Saddle Creek | Bright Eyes | Reviews


I'm Wide Awake, It's Morning

Author: Paul Curry
02/12/2005 | Louisville Courier Journal | Album Review
There can be little doubt that Conor Oberst is the voice of his generation; he has all of the right earmarks: sensitivity, rage, an incisive perspective and etc. We can certainly put him in the same company as Bob Dylan, John Lennon, Neil Young, Bruce Springsteen, Michael Stipe, Kurt Cobain and etc.
With a half-dozen records under his belt (not counting a compilation of singles and a Christmas album), the 24-year-old Omaha, Neb., native has certainly lived up to his early "boy genius" notices. "I'm Wide Awake, It's Morning," released under Oberst's Bright Eyes alter ego, is the first of two simultaneously released new records. The other, "Digital Ash in a Digital Urn," is supposedly more "band-oriented."
Genre-wise, Oberst is as dusty and dry as alt-country/Americana gets. He introduces the album with a little story about people on an airplane realizing that they are about to crash. The first song, "At the Bottom of Everything," is a twisted bit of mortality recognition, littered with references to the grotesque and mundane. The rest of the record follows in tight footsteps. There is a sense of exhilaration throughout, a constant discovery that this is it. IT!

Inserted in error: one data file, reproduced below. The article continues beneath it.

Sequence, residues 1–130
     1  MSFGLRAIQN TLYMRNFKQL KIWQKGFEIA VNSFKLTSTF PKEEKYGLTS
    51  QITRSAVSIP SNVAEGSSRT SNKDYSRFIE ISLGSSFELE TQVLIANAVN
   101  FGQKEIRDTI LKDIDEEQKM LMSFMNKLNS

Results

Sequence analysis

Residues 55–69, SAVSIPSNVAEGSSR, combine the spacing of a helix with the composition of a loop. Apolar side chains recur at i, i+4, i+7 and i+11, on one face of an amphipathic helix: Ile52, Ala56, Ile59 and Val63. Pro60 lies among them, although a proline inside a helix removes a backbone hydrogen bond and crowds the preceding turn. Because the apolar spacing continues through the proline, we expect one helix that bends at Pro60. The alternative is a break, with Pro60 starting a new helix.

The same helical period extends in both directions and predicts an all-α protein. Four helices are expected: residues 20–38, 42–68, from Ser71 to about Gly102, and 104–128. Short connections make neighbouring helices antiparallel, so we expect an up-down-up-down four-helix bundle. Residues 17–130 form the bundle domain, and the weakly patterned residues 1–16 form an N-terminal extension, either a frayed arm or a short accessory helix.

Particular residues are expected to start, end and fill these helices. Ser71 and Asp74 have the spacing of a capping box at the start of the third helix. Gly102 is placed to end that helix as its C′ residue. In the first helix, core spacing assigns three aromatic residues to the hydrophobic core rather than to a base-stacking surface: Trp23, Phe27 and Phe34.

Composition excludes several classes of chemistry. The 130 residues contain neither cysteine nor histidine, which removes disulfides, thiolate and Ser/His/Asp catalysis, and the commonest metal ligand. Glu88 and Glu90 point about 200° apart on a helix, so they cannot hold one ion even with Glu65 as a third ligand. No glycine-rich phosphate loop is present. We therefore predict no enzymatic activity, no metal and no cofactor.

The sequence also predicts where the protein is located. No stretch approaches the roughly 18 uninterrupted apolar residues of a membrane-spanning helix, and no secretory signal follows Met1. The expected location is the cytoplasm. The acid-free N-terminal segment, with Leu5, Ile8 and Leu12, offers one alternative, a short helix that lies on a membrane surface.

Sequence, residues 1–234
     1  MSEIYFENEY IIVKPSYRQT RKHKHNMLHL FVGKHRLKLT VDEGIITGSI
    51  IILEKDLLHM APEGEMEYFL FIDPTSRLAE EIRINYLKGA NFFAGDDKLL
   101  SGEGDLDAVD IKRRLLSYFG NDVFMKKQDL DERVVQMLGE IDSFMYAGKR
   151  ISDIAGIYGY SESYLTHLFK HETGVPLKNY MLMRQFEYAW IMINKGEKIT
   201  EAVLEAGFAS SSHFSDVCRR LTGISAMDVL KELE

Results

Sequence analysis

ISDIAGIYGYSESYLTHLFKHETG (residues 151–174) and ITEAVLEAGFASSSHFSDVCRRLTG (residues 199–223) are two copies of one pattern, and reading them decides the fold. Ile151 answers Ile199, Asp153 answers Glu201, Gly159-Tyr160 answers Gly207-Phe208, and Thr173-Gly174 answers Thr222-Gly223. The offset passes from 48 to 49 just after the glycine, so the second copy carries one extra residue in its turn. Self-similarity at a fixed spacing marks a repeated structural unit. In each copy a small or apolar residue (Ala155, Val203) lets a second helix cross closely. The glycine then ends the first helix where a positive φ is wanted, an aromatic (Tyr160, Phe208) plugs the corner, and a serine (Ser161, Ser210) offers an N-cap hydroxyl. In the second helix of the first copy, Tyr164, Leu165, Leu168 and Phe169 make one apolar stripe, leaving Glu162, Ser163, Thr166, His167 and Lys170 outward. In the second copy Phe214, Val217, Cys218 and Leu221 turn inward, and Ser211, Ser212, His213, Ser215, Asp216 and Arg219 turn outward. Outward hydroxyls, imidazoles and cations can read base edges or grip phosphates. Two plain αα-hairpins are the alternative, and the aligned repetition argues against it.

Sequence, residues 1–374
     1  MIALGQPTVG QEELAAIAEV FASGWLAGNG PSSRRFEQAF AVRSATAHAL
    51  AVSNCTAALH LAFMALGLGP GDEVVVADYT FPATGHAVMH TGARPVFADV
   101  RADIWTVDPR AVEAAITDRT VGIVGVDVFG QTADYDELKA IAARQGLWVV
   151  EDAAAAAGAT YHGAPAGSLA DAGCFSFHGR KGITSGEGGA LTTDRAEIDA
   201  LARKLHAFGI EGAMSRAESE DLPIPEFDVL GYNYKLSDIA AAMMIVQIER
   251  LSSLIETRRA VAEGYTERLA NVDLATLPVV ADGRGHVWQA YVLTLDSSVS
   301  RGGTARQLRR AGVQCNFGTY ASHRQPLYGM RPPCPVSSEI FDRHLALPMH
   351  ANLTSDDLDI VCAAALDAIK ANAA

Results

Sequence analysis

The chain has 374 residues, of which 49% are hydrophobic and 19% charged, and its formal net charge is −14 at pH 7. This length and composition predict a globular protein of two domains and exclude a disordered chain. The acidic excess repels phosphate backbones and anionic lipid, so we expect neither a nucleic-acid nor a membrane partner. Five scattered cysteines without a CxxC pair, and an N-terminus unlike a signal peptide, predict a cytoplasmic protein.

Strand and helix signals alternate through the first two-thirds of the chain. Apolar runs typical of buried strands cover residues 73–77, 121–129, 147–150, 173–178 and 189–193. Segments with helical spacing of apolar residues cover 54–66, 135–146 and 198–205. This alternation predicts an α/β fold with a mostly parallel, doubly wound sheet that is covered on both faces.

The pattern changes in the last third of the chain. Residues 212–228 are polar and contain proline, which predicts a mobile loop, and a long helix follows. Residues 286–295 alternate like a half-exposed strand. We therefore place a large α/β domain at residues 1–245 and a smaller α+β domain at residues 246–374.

Oberst's vocals quiver as if with terminal nervousness, as if this beautiful mess of life is too much, just too much! Ultimately, that's OK, however, because the album's arrangements are sweet! Some tracks are stripped down to the basics. "First Day of My Life" is just bass, guitar and drums. "Lua" is a solo perfomance where Oberst sounds like Paul Westerberg's little brother upping the ante.
Elsewhere, we find pedal steel, trumpet, harmonica, mandolin, piano, organ and vibraphone. The presence of Emmylou Harris and Louisville's Jim James singing backup (she on three tracks, he on one) is maybe a bit of overkill, but no harm no foul, right?
Even with the elaborate arrangements, however, the songs always seem to find an intense, quiet intimacy. Oberst has come a long way since making "Lifted, Or the Story Is in the Soil, Keep Your Ear to the Ground," which boasted an uneven lo-fi vs. studio approach. "I'm Wide Awake, It's Morning" has no such drawback. It's as if Oberst has stepped up to the plate, knowing he needed to knock it out of the park. At that point, what would you expect from the voice of a generation? There was never any doubt.


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